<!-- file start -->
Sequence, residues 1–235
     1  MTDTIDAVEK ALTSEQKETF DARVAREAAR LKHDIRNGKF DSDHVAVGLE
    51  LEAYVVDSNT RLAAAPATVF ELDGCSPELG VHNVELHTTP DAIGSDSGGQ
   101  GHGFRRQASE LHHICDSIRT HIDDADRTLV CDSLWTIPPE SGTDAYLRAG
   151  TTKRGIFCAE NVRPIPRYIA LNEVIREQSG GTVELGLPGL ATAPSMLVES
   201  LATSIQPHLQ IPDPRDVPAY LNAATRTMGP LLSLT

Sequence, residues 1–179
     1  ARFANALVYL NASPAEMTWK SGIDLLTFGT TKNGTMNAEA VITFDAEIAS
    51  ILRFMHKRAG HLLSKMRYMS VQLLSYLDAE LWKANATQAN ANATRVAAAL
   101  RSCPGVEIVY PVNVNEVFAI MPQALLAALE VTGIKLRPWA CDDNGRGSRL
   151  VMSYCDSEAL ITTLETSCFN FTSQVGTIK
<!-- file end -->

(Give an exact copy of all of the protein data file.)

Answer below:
Sequence, residues 1–235
     1  MTDTIDAVEK ALTSEQKETF DARVAREAAR LKHDIRNGKF DSDHVAVGLE
    51  LEAYVVDSNT RLAAAPATVF ELDGCSPELG VHNVELHTTP DAIGSDSGGQ
   101  GHGFRRQASE LHHICDSIRT HIDDADRTLV CDSLWTIPPE SGTDAYLRAG
   151  TTKRGIFCAE NVRPIPRYIA LNEVIREQSG GTVELGLPGL ATAPSMLVES
   201  LATSIQPHLQ IPDPRDVPAY LNAATRTMGP LLSLT

Sequence, residues 1–179
     1  ARFANALVYL NASPAEMTWK SGIDLLTFGT TKNGTMNAEA VITFDAEIAS
    51  ILRFMHKRAG HLLSKMRYMS VQLLSYLDAE LWKANATQAN ANATRVAAAL
   101  RSCPGVEIVY PVNVNEVFAI MPQALLAALE VTGIKLRPWA CDDNGRGSRL
   151  VMSYCDSEAL ITTLETSCFN FTSQVGTIK